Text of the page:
10:57 15th Sep, 2016
Google's Project Zero: Find Bugs In Android And Win $200k | TechTree.com
Google's Project Zero: Find Bugs In Android And Win $200k
The Google Project Zero team has announced the contest to hack Android, in order to find critical security flaws.
If hacking is a passion, then ethical hackers are on the road to win Google Project Zero $200,000 prize, if they manage to hack into the latest Android OS. The aim of this contest announced by the team is "to find a vulnerability or bug chain that achieves remote code execution on multiple Android devices knowing only the devices' phone number and email address," in words of Natalie Silvanovich, the Project Zero Exploit enthusiast, who mentioned it on a blog post.
The team Project Zero had been founded in 2014 to find out and patch up security flaws in the Android OS, so that before any other hackers get it, the patches are already there in place.
In order to understand how the contest will play out, one needs to go over some of the major rules of the contest:
- The contestants do not have to wait for the entire bug chains to form, and their entries can start coming in, and tracked with the Android Issue Tracker. After the initial entry is made, the participants can use this bug anytime as a part of submission over the 6-month period of the competition.
- Also, a bug reported by a participant can only be used by that participant later on in the contest. They are required to submit full description of how the hack works, and eventually it will be made public by the team Project Zero blog.
- Apart from the winning entry which will get the prize of $200,000, there will be a $100,000 as the 2nd prize, and there will be a split of $50,000 among other entrants.
One needs to know that Google already has the Android Security Rewards program, which is about reporting bugs on the various Android products. In fact, Google also revealed that it has paid out $550,000 to Android Bug researchers till date after the introduction of the program, and are willing to increase the prize bounty for each of the bugs found.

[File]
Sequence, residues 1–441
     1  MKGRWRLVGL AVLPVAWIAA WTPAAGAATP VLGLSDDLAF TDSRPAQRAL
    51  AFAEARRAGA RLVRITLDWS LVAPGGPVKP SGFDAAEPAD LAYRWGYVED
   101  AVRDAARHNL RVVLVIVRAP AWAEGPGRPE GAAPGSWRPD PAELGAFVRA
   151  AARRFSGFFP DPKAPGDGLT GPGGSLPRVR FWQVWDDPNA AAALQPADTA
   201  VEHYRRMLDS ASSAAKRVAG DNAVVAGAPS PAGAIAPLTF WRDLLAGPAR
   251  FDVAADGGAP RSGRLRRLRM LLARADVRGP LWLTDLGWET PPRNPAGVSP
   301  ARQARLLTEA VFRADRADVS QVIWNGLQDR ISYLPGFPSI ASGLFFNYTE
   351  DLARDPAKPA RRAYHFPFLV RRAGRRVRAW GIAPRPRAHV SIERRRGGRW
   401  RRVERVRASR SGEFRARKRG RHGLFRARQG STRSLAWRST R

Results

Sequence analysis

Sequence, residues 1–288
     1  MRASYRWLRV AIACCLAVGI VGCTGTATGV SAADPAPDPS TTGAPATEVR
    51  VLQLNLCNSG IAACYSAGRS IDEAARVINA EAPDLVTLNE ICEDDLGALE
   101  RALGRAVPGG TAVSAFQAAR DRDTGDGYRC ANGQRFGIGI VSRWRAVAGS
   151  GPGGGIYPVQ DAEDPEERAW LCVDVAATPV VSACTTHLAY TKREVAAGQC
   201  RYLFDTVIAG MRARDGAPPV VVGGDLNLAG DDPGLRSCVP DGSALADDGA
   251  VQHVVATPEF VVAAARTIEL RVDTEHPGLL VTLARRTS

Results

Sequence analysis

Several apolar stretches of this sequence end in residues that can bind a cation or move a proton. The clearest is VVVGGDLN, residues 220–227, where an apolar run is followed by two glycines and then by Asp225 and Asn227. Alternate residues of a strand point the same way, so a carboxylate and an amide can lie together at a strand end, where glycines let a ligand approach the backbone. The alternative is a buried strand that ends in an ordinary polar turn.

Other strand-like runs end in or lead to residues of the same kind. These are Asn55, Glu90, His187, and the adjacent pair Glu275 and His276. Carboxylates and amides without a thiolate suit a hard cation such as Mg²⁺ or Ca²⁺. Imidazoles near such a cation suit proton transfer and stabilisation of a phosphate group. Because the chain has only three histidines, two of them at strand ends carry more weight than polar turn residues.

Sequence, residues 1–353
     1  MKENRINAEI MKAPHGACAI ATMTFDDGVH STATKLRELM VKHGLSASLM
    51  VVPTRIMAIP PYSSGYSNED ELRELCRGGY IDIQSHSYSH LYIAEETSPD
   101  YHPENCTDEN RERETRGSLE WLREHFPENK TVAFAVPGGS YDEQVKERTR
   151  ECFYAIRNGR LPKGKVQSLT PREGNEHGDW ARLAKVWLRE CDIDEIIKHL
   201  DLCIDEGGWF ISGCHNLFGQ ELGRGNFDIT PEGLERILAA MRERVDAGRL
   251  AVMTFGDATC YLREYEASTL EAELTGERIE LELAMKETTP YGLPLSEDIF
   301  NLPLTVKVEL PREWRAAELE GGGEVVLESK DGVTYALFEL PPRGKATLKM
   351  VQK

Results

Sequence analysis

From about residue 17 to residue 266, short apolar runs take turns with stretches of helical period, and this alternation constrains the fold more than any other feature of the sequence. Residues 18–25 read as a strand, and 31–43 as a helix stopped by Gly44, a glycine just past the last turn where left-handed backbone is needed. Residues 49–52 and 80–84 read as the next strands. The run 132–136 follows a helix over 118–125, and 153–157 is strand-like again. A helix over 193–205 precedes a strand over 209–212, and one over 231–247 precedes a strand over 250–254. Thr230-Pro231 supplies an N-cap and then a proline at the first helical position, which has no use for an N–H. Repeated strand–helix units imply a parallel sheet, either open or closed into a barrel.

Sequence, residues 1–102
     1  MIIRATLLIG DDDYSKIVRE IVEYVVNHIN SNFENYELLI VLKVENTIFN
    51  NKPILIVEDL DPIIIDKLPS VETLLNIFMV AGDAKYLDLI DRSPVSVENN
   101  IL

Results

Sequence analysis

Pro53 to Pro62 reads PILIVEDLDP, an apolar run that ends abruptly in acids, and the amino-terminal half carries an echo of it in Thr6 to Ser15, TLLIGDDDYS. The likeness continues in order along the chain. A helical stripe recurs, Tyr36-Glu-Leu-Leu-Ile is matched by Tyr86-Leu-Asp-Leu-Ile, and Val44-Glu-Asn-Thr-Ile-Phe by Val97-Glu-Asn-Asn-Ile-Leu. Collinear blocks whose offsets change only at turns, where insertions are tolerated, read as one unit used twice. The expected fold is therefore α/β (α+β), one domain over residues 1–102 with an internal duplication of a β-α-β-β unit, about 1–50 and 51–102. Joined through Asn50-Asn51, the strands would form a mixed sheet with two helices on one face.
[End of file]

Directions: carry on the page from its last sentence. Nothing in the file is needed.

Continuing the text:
Then comes the question, why would they need to hold another separate contest for the same? The answer comes from Silvanovich, who said "Despite the existence of vulnerability rewards programs at Google and other companies, many unique, high-quality security bugs have been discovered as a result of hacking contests. Hoping to continue the stream of great bugs, we've decided to start our own contest: The Project Zero Prize."
She then went on to explain, "Our main motivation is to gain information about how these bugs and exploits work. There are often rumours of remote Android exploits, but it's fairly rare to see one in action. We're hoping this contest will improve the public body of knowledge on these types of exploits. Hopefully this will teach us what components these issues can exist in, how security mitigation are bypassed and other information that could help protect against these types of bugs... Also, we're hoping to get dangerous bugs fixed so they don't impact users. Contests often lead to types of bugs that are less commonly reported getting fixed, so we're hoping this contest leads to at least a few bugs being fixed in Android."
So, for all those programming bugs out there, here is the chance to grab $200,000 from the Google Project Zero team, and showing some great ethical hacking skills, to the rest of the world.
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